A couple of months before we were supposed to move, we noticed a change in our children’s behaviour. We’d brought the kids along for the house-hunting and they were excited, exploring all the different houses, possible new bedrooms and fun back yards. It was a fun family adventure – we were moving!
Of course, we were stressed! Even good changes are stressful, what with all the planning and packing, and meetings with lawyers and banks and real estate agents – we were busy! So at first, we didn’t notice the little signs that our kids were not just excited but stressed out too. Being 4 and 6 years old, they didn’t really understand what it all meant.
Our son wanted to stay home all the time – he didn’t want to go to the park, the shop, or out for walks. When we started packing, he got very possessive of his toys and belongings. We then realized that he saw things quite differently than we did. While we were focusing on the move, he was worried he was losing everything. He didn’t understand that the stuff we were packing would be unpacked at the new house. He didn’t understand we were moving as a family; he thought he was going to be abandoned. So we walked through the house with him and pointed to everything, telling him that the couch, the table, his toys, his bed, the books and dishes – all of it was coming with us to the new house. Once we did that, he felt more in control of his world and stopped being so concerned about leaving the house.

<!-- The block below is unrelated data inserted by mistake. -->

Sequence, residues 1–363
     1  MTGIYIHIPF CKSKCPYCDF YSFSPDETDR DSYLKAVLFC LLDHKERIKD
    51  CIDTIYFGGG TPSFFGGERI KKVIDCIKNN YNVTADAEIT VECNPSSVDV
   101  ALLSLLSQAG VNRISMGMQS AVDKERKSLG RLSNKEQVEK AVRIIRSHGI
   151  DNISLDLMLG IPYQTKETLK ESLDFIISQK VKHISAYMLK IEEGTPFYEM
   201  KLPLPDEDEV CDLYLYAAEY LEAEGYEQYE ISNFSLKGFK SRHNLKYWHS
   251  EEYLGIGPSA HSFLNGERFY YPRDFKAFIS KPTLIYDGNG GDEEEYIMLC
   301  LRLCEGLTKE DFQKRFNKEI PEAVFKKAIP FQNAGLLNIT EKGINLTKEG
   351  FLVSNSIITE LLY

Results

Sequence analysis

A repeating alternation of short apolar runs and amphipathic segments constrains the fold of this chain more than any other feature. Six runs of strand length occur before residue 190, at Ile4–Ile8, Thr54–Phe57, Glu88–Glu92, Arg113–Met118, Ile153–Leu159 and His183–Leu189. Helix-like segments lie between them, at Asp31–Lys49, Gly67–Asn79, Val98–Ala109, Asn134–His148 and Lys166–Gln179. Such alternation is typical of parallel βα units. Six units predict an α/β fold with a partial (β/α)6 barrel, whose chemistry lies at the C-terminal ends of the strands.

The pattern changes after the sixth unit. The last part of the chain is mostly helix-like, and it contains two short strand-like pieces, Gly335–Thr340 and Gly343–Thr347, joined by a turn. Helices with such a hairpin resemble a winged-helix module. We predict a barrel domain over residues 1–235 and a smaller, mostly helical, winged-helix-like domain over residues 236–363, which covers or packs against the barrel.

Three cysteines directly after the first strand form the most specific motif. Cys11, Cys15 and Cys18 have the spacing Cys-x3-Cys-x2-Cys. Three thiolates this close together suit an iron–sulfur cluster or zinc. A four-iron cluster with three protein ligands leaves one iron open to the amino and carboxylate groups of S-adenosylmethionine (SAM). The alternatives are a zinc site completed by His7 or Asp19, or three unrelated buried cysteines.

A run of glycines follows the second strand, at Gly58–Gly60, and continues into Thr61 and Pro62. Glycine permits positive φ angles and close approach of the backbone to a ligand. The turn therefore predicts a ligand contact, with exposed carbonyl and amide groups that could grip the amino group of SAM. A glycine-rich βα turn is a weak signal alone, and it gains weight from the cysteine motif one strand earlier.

Our daughter was more concerned about moving to a new school, a new daycare, and a new neighbourhood. She became quiet and withdrawn and more emotional than usual. As a former military brat, I was very accustomed to moving house as a young child. To me, moving was exciting – a chance to meet new kids and be the new kid in school. By the time I was in second grade I had already lived in five cities in three different provinces. My daughter, on the other hand, had lived her entire life in the same place. To her, moving was an enormous change. Fortunately, we weren’t moving that far away from her friends and we set up a date for her favourite friend to come to the new house. We also set up a couple of days for both kids to spend some time at the new daycare, giving them time to meet the children there and make new friends. Knowing that she wouldn’t lose touch with old friends and introducing her to new ones helped settle her anxiety about moving.
Young children don’t have the vocabulary to express apprehension and anxiety; their only outlet is their behaviour. If you’re thinking of moving house, watch out for these signs.
Signs your child may be stressed about moving house
When you recognize the signs and take the time to look at things from your child’s perspective, you will be better equipped to help them understand what is happening, calm their fears, and turn this big life change into an exciting and positive time for them.
For more tips and tools in calming child stress, contact your Employee and Family Assistance Program at 1 866 833-7690 or visit workhealthlife.com.